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Saturday, June 1, 2002

Like the summer heat of India, bribery is something which most of us have come to accept as part of being Indian. And just as in the case of the weather, many of us talk at length but do nothing about it because we think that it is a doomed fight anyway. We haven’t even given it a try. And what is worse, for every one person making that extra effort, there are hundreds actively discouraging from the sidelines. Every one of us should shun the company of such cynics with as much dread and aversion as we would a plague. Show me a single cynical achiever! But then, nor can mere drawing room talk about the all-pervasive corruption bring about a change. Action alone is the solution and the thought of possible failure should not be a deterrent. We have to remember that in attempting great things even failure is great and there is nothing to be ashamed of.

Recently LOK SATTA had been informed that a certain professor in the Osmania Medical College had been charging the final year medical students an amount of Rs.7,500/- to avoid failure or to ensure a pass in the upcoming examinations. One of the relatives of a bribe giver directly reported to us that about 80 students had given the money and something should be done about it. We immediately contacted Dr Anji Reddy, the Director General of Health Services and Mr Mohanty, The Director General of ACB. Both acted promptly. Mr Mohanty trapped two examiners and caught them in the act of taking bribes. Doing a little sleuthing himself, Dr Reddy found that the figure of 80 given by us was inaccurate and that the number of students who paid was actually 95 in all. He immediately ensured that the professor was removed as examiner pending further action.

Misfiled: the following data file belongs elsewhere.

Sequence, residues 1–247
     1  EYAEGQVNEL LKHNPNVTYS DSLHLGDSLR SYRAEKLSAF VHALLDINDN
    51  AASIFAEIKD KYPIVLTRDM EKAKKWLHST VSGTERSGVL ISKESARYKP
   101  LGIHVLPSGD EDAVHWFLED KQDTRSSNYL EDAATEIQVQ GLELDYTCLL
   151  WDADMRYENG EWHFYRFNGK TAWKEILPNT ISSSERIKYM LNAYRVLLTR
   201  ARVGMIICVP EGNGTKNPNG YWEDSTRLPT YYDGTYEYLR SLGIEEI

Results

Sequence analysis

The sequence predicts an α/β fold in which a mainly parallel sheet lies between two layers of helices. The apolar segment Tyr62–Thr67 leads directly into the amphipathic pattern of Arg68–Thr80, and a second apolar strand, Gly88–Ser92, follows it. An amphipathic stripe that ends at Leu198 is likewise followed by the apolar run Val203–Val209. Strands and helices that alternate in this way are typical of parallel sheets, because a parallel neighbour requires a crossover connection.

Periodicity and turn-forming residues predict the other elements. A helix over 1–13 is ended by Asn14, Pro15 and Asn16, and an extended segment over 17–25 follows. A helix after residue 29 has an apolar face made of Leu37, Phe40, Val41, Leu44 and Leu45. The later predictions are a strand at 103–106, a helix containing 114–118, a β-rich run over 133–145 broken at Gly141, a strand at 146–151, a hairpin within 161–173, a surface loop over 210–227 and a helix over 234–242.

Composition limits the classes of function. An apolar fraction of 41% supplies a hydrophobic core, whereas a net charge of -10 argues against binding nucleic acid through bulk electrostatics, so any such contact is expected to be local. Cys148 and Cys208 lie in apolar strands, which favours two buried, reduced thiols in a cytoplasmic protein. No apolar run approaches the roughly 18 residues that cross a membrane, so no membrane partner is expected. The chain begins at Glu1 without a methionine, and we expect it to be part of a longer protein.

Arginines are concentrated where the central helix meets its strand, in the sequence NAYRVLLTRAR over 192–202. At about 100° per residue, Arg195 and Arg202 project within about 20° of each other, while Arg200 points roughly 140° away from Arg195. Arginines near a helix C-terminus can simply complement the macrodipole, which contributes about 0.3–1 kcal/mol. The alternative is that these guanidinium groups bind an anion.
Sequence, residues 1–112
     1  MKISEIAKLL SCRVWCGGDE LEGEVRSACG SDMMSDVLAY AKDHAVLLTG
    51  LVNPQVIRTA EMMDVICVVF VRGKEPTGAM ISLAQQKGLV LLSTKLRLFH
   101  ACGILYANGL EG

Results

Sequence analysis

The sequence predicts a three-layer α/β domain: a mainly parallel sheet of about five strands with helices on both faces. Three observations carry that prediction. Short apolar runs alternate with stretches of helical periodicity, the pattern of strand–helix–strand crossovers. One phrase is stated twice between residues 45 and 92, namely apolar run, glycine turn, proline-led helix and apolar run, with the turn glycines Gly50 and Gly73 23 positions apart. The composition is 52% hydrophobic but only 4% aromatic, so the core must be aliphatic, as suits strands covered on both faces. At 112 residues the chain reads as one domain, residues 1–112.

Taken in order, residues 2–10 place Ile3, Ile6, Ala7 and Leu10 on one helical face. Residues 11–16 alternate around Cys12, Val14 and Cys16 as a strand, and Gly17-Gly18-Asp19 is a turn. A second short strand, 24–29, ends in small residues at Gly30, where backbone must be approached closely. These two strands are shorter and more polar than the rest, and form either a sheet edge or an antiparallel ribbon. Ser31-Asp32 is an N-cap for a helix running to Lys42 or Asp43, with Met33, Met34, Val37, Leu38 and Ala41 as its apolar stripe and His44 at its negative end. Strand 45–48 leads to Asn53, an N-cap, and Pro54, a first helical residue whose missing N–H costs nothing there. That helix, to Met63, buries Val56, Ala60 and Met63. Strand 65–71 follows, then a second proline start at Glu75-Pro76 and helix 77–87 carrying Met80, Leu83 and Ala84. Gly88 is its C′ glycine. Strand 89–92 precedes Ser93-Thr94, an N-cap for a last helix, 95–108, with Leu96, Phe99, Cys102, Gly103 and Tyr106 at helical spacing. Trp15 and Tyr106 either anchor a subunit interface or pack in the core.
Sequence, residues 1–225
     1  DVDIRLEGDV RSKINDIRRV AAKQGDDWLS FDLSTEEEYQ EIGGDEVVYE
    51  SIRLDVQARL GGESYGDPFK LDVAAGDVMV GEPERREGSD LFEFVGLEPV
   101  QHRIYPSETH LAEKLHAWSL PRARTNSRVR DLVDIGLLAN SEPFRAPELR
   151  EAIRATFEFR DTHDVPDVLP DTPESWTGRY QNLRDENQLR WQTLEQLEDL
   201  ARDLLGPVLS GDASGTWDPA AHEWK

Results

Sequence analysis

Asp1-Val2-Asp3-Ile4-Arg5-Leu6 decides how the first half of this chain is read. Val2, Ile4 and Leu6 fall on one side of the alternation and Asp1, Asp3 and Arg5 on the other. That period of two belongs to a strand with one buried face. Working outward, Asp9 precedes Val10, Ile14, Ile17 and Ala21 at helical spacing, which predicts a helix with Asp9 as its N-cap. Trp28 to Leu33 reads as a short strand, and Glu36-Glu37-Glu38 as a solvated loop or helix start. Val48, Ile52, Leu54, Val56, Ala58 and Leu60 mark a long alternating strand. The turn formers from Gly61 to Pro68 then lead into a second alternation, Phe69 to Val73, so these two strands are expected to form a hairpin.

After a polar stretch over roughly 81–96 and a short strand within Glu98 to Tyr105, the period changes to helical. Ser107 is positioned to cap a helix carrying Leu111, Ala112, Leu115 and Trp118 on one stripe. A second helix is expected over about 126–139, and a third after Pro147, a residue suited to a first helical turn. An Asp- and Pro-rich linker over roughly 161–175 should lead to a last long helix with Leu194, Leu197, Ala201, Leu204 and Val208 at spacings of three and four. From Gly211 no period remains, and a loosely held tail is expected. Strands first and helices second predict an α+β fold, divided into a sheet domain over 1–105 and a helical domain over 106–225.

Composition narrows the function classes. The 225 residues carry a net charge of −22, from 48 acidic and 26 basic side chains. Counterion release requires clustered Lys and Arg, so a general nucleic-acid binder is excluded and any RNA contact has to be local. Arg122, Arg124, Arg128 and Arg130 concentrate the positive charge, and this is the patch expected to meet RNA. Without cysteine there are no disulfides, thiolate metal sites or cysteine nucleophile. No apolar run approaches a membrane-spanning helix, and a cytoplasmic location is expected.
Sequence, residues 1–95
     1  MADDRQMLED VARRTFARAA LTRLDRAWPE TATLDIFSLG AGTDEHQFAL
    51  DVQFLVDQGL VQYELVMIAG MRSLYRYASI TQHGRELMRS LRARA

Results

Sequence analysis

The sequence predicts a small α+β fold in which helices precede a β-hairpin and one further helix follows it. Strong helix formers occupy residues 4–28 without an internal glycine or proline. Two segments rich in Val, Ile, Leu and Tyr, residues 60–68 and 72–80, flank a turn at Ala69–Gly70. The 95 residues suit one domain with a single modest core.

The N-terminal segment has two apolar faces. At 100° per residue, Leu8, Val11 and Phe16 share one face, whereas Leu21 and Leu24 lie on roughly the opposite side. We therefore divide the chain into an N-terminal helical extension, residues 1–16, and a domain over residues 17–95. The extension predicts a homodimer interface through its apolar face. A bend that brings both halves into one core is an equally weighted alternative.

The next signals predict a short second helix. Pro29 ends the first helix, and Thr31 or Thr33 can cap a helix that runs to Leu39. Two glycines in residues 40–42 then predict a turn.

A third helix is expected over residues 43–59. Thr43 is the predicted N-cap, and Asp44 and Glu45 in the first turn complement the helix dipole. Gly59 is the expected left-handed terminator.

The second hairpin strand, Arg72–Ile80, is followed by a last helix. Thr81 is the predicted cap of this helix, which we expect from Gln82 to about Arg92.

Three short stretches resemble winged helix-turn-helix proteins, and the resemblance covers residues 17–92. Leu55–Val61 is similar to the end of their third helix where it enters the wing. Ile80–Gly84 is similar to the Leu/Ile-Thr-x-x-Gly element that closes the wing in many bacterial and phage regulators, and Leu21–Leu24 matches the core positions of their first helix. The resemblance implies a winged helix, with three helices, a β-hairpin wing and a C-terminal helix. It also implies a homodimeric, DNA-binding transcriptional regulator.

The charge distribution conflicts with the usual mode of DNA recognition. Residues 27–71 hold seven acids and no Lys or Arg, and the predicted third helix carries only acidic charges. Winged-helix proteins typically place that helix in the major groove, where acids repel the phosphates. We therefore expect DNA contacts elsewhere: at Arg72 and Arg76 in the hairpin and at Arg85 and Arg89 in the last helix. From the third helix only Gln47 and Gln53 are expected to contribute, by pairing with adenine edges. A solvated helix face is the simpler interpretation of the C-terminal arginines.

Dr Reddy and Mr Mohanty could have very easily heard and kept quiet saying to themselves, ‘why should I bother – anyhow not much action can be taken against this person, besides there are so many others in every field doing the same thing or worse’. ‘If this chap is well connected, I might end up being penalized’.  A very typical reaction of most people who are in positions of authority. Fortunately for us, both Dr Reddy and Mr Mohanty are among the few who are more interested in doing a good job rather than just keeping the job and hence were not afraid of any possible ramifications. We do not have too many such individuals who are both honest and courageous. Not everyone is willing to be proactive or capable of being so. Doing the right thing in our present environment requires effort, and why go through all that effort? We need to create an environment where more people in authority are able to stand up and do the right thing. The sad part of this story is over a hundred medicos gave a signed petition asking for the erring professor to be retained as examiner. With the menace of corruption being the staple of most discussion what prompted these bright youngsters to come up with such a request? I wonder!

We cannot afford to tolerate deep-rooted corruption even in areas like examinations, judiciary, recruitments and crime investigation. Neither should we expect people to keep performing heroic acts everyday. Corruption is not the disease. It is only a symptom of the failure of the governance process. This is why working for reforms is so important and so urgent.

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